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Kerma is an acronym for "kinetic energy released per unit mass", defined as the sum of the initial kinetic energies of all the charged particles liberated by uncharged ionizing radiation (i.e., indirectly ionizing radiation such as photons and neutrons) in a sample of matter, divided by the mass of the sample. It is defined by the quotient .
The SI unit of kerma is the gray (Gy) (or joule per kilogram), the same as the unit of absorbed dose. However, kerma can be different from absorbed dose, depending on the energies involved. This is because ionization energy is not accounted for. While kerma approximately equals absorbed dose at low energies, kerma is much higher than absorbed dose at higher energies, because some energy escapes from the absorbing volume in the form of bremsstrahlung (X-rays) or fast-moving electrons, and is not counted as absorbed dose.
Process of energy transferEdit
Photon energy is transferred to matter in a two-step process. First, energy is transferred to charged particles in the medium through various photon interactions (e.g. photoelectric effect, Compton scattering, pair production, and photodisintegration). Next, these secondary charged particles transfer their energy to the medium through atomic excitation and ionizations.
For low-energy photons, kerma is numerically approximately the same as absorbed dose. For higher-energy photons, kerma is larger than absorbed dose because some highly energetic secondary electrons and X-rays escape the region of interest before depositing their energy. The escaping energy is counted in kerma, but not in absorbed dose. For low-energy X-rays, this is usually a negligible distinction. This can be understood when one looks at the components of kerma.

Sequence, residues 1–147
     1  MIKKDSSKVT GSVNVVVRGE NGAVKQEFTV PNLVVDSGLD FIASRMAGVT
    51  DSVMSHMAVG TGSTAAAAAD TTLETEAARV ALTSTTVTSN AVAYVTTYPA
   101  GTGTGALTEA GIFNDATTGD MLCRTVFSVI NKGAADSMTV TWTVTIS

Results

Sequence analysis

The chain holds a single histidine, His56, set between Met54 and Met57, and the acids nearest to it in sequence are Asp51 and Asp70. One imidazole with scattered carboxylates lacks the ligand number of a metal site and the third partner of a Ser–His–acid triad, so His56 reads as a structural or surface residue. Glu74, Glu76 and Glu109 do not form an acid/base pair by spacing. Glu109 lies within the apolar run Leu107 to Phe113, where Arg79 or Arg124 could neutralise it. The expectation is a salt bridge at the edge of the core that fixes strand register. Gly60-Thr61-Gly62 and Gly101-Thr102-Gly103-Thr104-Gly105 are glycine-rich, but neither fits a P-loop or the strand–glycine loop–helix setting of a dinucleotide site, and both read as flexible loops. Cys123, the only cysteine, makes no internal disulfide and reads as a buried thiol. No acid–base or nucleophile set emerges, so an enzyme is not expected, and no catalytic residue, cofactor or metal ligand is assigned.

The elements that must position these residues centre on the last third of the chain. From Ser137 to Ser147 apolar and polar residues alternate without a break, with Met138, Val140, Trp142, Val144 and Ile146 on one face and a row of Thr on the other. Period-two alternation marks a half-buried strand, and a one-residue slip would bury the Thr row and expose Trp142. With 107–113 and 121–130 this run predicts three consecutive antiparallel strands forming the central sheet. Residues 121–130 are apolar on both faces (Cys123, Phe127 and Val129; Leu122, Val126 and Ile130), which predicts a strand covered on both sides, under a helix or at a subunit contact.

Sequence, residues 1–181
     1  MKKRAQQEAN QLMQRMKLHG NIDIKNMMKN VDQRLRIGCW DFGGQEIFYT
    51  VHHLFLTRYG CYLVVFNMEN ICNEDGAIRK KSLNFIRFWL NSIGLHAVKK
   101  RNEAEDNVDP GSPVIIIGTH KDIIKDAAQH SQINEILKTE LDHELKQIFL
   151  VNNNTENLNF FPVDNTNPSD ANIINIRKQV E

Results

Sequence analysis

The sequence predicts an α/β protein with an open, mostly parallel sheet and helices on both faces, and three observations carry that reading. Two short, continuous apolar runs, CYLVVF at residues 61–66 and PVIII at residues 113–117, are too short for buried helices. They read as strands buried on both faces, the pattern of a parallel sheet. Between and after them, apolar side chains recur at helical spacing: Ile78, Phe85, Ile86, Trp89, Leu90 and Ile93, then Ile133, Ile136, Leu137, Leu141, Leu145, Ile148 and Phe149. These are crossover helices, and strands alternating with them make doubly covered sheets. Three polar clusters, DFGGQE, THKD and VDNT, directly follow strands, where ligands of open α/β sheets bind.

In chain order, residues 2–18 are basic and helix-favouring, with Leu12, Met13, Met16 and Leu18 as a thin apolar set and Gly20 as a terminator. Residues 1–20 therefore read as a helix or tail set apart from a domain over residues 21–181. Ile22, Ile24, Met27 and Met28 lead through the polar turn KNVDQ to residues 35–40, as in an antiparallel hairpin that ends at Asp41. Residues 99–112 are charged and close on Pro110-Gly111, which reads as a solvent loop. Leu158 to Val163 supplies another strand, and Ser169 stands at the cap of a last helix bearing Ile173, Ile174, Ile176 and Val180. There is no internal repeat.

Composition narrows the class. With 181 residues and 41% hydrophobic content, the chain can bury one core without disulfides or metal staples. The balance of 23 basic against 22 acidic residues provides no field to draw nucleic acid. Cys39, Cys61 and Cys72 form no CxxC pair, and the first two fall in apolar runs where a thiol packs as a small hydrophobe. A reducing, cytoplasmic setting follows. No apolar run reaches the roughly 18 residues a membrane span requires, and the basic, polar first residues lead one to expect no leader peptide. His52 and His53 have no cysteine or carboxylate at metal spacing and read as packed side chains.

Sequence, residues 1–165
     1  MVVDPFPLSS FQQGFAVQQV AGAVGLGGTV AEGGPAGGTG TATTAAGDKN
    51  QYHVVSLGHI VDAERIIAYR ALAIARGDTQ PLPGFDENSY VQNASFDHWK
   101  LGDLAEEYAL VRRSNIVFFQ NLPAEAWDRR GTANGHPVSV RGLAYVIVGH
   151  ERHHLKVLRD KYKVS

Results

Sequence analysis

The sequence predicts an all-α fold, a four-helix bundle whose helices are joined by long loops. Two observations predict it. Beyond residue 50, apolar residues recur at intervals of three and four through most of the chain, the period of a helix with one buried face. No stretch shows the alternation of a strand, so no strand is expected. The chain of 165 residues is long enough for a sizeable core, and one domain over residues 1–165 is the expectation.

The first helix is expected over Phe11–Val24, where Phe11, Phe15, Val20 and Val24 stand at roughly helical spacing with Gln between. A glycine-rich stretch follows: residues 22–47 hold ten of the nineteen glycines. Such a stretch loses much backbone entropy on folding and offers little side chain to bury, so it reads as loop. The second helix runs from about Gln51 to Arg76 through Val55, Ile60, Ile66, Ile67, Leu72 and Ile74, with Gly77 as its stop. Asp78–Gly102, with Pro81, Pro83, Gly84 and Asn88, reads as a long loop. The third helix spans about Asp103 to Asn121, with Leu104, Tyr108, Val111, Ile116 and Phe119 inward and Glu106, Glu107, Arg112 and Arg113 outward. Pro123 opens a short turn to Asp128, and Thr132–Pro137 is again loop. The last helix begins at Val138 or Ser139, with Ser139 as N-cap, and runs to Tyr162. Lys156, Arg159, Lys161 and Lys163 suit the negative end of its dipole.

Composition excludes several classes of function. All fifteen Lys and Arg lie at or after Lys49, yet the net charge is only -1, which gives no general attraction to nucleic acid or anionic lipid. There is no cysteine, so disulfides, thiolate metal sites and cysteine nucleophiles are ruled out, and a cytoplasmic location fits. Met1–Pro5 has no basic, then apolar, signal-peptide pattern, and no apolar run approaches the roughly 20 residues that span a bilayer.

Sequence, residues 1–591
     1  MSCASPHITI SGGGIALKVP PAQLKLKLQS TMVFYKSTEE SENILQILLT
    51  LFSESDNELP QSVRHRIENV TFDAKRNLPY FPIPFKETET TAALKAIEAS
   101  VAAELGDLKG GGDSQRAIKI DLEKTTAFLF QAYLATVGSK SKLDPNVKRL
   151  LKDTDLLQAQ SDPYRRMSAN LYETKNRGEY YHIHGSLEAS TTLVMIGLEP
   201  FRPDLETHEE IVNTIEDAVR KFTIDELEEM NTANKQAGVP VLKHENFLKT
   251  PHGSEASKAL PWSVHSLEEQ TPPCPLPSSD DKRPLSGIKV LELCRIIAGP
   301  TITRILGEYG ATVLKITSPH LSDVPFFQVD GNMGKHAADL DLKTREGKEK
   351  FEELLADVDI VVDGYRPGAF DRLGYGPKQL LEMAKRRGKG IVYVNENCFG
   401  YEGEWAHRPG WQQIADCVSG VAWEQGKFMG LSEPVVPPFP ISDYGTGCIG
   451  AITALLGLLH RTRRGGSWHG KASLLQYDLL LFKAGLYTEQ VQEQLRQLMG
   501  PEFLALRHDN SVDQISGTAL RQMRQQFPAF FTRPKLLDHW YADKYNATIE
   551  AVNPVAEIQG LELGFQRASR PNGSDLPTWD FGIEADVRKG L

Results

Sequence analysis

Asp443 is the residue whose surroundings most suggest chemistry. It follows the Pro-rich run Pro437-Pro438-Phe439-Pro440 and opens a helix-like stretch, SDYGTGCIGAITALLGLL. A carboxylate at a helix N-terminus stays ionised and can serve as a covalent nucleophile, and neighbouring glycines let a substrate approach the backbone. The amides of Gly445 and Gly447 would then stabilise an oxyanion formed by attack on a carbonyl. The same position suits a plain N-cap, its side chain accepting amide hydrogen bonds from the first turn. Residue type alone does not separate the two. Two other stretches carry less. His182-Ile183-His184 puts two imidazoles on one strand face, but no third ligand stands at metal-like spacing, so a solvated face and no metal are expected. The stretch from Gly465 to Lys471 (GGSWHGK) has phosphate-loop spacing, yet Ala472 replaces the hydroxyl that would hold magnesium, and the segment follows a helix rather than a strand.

There are two independent contributions to the total kerma, collision kerma and radiative kerma – thus, . Collision kerma results in the production of electrons that dissipate their energy as ionization and excitation due to the interaction between the charged particle and the atomic electrons. Radiative kerma results in the production of radiative photons due to the interaction between the charged particle and atomic nuclei, but can also result from annihilation in flight.[clarification needed]
Frequently, the quantity is of interest, and is usually expressed as
where g is the average fraction of energy transferred to electrons that is lost through bremsstrahlung.
Calibration of radiation protection instrumentsEdit
Air Kerma is of importance in the practical calibration of instruments for photon measurement, where it is used for the traceable calibration of gamma instrument metrology facilities using a "free air" ion chamber to measure air kerma.
The IAEA safety report 16 states "The quantity air kerma should be used for calibrating the reference photon radiation fields and reference instruments. Radiation protection monitoring instruments should be calibrated in terms of dose equivalent quantities. Area dosimeters or dose ratemeters should be calibrated in terms of the ambient dose equivalent, H*(10), or the directional dose equivalent, H′(0.07),without any phantom present, i.e. free in air." 
Conversion coefficients from air kerma in Gy to equivalent dose in Sv are published in the International Commission on Radiological Protection (ICRP) report 74 (1996). For instance, air kerma rate is converted to tissue equivalent dose using a factor of Sv/Gy (air) = 1.21 for Cs 137 at 0.662 MeV.
- Absorbed dose
- Exposure (radiation)
- Dosimetry in Diagnostic Radiology An International Code of Practice - IAEA. - describes techniques for the measurement of air kerma in free air.
- Podgorsak, E.B., ed. (2005). Radiation Oncology Physics: A Handbook for Teachers and Students (PDF). International Atomic Energy Agency. ISBN 92-0-107304-6. Retrieved 16 May 2012.
- Calibration of Radiation Protection Monitoring Instruments. IAEA Safety report No. 16, Vienna, 2000.
- International Commission on Radiological Protection. Conversion coefficients for use in radiological protection against external radiation. New York: Pergamon Press; ICRP Publication 74; 1996.